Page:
A maternity home was place where a mother could give birth attended by a midwife.
During the nineteenth, and much of the twentieth century, most women had their babies in their own home usually attended by a midwife. However, convict women gave birth in the female factories at Cascade and Ross and, from about the mid 1870s, some charitable institutions opened for mothers who were poor and single. These included Hope Cottage in 1887, the Anchorage Home in 1889, the Home of Mercy in 1890, and Elim Maternity Hospital in 1897. Single mothers with intellectual disabilities had been able to give birth at the former Infant School, now part of the New Town Charitable Institution, since 1874. Most of these maternity homes were also rescue homes which tried to reform the young mothers.
Cottage hospitals, some of which later became district hospitals, began opening in the 1880s. By 1914, there were twelve. These hospitals had maternity beds. Sometimes if these hospitals closed, the maternity section remained open. This happened in 1950 when the hospital at Scottsdale closed.
In the late nineteenth and early twentieth centuries, to make birth safer, some women's groups established two larger maternity homes, one in the north and the other in the south. They were the Queen Victoria Maternity Hospital in Launceston in 1897 and the Queen Alexandra Maternity Hospital in Hobart in 1908. Both offered training to midwives.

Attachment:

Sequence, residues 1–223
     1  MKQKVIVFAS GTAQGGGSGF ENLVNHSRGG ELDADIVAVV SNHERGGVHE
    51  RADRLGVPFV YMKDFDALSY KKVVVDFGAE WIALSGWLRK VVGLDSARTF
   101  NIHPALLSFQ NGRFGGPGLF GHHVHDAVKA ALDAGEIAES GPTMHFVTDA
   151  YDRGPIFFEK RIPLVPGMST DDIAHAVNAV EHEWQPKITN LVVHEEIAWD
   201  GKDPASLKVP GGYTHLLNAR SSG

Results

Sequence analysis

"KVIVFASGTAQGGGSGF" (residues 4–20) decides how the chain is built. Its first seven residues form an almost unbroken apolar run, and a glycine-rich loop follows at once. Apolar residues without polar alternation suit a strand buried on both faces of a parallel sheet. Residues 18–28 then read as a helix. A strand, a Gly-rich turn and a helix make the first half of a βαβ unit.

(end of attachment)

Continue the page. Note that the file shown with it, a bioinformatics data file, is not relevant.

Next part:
Concerns about the infant mortality rate had made that training increasingly important. Although usually experienced, most nineteenth century midwives had no qualifications and their level of skill varied. This led to calls for midwives to be qualified and, in 1901, Parliament passed the Midwifery Nurses Act, the first in Australia. By 1902, midwives had to be registered after passing a fairly easy exam to prove their competence.
In the first half of the twentieth century, some of these midwives ran small cottage maternity homes, sometimes in a room of their own house. Most towns contained one or more of these establishments. In Devonport, midwives ran cottages in Oldaker, McFie, Wenvoe and Stewart Streets. In the mid 1940s, a Matron Bevan ran a maternity hospital opposite the wheat silos along the waterfront in Devonport.
From 1918, these homes had to be registered and as successive legislation demanded increasingly higher standards, their numbers declined. Home births also declined. By the 1950s, most babies were born in the larger public and private hospitals.
Sources used to compile this entry: 'Medical, surgical sections of the Scottsdale Hospital to close', Examiner (Launceston), 27 July 1950, p. 8, http://nla.gov.au/nla.news-article52780850; Alexander, Alison, 'Midwifery', in The Companion to Tasmanian History, Centre for Tasmanian Historical Studies, Hobart, 2005, http://www.utas.edu.au/library/companion_to_tasmanian_history/M/Midwifery.htm; Rimon, Wendy, 'Hospitals', in The companion to Tasmanian history, Centre for Tasmanian Historical Studies, Hobart, 2005, http://www.utas.edu.au/library/companion_to_tasmanian_history/H/Hospitals.htm; Wilson, John R, A century of caring: Latrobe's Hospital 1887-1987: an illustrated history of the Devon Cottage Hospital, the Devon Public Hospital and the Mersey General Hospital in northern Tasmania, Graduate Nurses' Association Centennial Celebrations Committee, Mersey General Hospital, Latrobe, 1988, 306 pp.
Prepared by: Caroline Evans
Created: 9 May 2014, Last modified: 25 February 2015